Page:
The Making of an Equine Massage Therapist

Thursday, November 12, 2009


Sal Salvetti - Equine Massage Therapist

photo credit: Brigitte Bouchard Volk
photo credit: Brigitte Bouchard Volk
His affinity with horses is instantly recognizable, but surprisingly Sal Salvetti never set foot in a barn or a stirrup until 1995 when he was a 29-year-old undergrad student tending bar to cover expenses. He’d spent a decade in the sales and financial services industry and was looking for a fulfilling career. He credits dressage rider Paige Finnegan for piquing his interest in horses. “She came in to the bar and told horse stories,” Sal recalls. Intrigued, Sal went to the barn with Paige. He felt an immediate connection to the horses. “I was blown away,” he admits. “I knew this was what I was looking for to fill up that space inside me. I decided to find a way to have a career in horses.”

Paige took Sal under her wing and taught him how to lead a horse, pick a hoof, clean tack, muck a stall, and groom. To discover his equestrian talent, Sal secured a job at Jane Karol’s Bear Spot Farm – a 22-stall dressage facility in Concord, Massachusetts. He had daily lessons from Jane, often taking instruction twice a day. “She realized what I was trying to do. I had 20 years to make up and she indulged me,” Sal recalls. Jane offered a supportive environment and Sal worked seven days a week, 12 hours a day. Less than a year later, he competed in his first horse show, contesting a Training Level Test.

After a year at Bear Spot, Sal met rider/trainer Jane Hannigan. Sal took lessons from Hannigan in addition to his training with Karol. “I wanted to learn more than one system,” Sal explains. Eventually, Sal became the barn manager at the facility Hannigan taught at in Harvard, Massachusetts, and trained with her exclusively for several years. During that time, Sal was exposed to the field of equine massage therapy, pioneered by the late Jack Meagher, a Massachusetts native, and the work of Mike Scott. He saw the impact massage could have and the improvements it could produce on horses. “I could feel the difference,” Sal recalls. “I knew massage therapy was what I wanted to do.”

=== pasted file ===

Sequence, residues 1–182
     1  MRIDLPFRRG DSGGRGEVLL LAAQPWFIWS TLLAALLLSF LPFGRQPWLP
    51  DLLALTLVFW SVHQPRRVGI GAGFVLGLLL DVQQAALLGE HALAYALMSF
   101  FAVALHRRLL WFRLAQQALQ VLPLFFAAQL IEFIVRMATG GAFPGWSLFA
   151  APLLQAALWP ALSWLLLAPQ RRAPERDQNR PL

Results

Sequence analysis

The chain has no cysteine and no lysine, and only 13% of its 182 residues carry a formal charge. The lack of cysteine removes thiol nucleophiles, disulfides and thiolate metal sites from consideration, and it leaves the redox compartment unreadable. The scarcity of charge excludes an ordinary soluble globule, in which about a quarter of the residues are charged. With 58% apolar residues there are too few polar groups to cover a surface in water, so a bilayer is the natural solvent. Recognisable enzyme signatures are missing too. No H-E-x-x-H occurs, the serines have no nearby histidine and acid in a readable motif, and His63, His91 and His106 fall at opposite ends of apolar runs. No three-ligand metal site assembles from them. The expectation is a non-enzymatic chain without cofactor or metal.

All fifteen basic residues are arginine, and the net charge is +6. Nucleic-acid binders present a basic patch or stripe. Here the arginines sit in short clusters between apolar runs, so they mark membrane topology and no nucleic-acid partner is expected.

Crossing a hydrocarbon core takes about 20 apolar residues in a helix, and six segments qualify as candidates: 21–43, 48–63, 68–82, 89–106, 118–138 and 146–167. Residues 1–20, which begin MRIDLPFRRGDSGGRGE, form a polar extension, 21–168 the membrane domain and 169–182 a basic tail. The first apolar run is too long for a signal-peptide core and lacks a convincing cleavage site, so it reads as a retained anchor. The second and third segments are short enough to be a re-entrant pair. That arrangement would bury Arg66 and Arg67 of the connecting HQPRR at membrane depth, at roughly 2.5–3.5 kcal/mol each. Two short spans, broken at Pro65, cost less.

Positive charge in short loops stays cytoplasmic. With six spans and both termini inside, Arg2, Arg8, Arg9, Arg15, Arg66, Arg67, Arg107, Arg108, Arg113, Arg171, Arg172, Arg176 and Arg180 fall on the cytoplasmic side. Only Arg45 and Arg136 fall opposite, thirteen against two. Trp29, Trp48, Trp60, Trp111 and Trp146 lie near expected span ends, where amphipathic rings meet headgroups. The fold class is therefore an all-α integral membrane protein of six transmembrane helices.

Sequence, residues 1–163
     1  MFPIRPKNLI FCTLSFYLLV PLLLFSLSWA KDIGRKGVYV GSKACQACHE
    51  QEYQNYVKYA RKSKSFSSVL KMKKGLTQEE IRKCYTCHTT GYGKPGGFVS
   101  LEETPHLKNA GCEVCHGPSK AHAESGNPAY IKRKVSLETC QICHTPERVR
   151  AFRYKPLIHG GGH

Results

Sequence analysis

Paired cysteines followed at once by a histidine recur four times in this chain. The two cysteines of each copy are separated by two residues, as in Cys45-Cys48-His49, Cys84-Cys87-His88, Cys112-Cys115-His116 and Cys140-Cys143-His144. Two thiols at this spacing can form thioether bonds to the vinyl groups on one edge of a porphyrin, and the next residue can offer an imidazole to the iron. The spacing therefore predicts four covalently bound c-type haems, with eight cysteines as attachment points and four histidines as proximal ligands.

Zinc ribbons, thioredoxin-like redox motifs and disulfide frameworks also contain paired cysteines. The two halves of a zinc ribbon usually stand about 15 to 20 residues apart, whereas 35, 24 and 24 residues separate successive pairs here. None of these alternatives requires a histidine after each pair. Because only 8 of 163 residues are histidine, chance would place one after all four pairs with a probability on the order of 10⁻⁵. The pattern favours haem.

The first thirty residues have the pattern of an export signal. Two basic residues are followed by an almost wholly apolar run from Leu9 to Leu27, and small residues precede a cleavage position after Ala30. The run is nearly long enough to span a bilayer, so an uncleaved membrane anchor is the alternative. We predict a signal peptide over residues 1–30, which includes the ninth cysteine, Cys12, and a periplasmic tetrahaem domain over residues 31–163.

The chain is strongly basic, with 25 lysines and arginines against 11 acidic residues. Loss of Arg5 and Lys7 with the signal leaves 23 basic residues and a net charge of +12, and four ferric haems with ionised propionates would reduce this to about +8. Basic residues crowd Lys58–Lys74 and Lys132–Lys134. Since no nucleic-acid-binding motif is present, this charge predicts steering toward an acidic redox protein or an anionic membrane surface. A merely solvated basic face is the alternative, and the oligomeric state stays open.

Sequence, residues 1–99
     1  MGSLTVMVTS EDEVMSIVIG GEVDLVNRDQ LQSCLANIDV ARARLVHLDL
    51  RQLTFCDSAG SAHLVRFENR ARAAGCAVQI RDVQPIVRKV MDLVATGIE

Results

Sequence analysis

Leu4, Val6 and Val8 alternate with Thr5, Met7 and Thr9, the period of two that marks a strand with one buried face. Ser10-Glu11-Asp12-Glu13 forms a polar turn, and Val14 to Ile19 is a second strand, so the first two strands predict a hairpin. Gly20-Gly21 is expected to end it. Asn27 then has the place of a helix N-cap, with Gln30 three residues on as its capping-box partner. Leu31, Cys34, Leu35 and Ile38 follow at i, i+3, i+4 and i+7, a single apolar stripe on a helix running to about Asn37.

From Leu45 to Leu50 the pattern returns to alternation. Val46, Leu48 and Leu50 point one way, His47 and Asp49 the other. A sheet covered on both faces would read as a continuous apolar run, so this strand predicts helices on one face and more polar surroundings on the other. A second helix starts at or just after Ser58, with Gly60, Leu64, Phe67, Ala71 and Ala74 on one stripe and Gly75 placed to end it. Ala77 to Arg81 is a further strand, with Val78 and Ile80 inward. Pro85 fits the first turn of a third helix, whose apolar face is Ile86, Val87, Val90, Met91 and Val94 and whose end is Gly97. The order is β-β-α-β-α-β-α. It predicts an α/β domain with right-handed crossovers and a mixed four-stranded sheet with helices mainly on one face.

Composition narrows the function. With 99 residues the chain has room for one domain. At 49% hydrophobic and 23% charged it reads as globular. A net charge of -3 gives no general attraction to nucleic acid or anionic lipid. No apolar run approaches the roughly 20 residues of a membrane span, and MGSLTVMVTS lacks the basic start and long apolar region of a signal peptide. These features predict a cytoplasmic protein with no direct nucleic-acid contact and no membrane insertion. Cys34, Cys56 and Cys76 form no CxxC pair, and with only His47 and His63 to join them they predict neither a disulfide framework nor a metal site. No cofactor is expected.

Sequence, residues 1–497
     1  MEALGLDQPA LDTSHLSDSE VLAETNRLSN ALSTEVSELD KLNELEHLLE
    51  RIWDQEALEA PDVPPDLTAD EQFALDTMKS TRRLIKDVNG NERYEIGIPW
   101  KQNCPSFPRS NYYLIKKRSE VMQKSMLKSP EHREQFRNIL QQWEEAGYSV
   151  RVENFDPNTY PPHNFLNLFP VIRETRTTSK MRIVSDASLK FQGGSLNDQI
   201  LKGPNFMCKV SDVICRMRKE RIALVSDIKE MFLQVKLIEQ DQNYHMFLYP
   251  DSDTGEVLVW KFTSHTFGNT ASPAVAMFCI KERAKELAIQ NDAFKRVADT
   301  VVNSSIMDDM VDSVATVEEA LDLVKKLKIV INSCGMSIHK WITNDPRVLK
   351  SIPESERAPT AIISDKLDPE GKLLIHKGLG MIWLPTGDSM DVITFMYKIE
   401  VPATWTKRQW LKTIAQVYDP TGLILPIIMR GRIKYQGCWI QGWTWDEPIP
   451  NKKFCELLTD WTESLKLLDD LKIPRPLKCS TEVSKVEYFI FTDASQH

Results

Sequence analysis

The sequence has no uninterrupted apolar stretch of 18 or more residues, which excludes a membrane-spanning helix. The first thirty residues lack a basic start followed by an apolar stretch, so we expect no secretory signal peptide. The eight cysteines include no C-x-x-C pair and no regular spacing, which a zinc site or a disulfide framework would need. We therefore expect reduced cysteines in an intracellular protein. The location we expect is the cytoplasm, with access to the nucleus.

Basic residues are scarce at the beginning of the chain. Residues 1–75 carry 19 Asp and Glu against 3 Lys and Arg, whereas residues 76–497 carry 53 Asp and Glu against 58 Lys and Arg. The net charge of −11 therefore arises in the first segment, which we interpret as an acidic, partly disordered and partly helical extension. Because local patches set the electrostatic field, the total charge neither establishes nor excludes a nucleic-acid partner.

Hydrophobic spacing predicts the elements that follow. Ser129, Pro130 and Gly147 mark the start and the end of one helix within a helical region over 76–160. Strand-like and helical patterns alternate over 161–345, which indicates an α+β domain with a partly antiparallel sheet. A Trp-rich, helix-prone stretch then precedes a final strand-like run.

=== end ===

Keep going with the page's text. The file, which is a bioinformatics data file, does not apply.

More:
A typical equine cadaver for studying muscles
A typical equine cadaver for studying muscles
Sal trained with Mike Scott in a six-month, one-on-one program in Massachusetts and South Carolina. He also attended a school for two years to learn human massage therapy and worked in a spa for more than a year as he started his equine practice. In 2001 Sal launched his practice in Massachusetts. Initially, he admits, he was hesitant to throw his hat into the crowded arena of professionals in his locale. “I was seeing massage therapists springing up left and right, especially after Mike left the area,” Sal recalls. “But Jane Hannigan said, ‘Trust me. Do it. There’s not so many of you’.”

Sal approached the establishment of his business analytically. “It never seemed like a struggle,” he says. “I looked ahead to my goal, backtracked from there, decided what the necessary steps were, and went to work. My goal in the beginning was to be successful combining human and equine massage therapy and to build a nice life for myself in New England.”

[#24893 override="Carol Lavell Introduces Sal Salvetti to Wellington" title="Carol Lavell Introduces Sal Salvetti to Wellington"]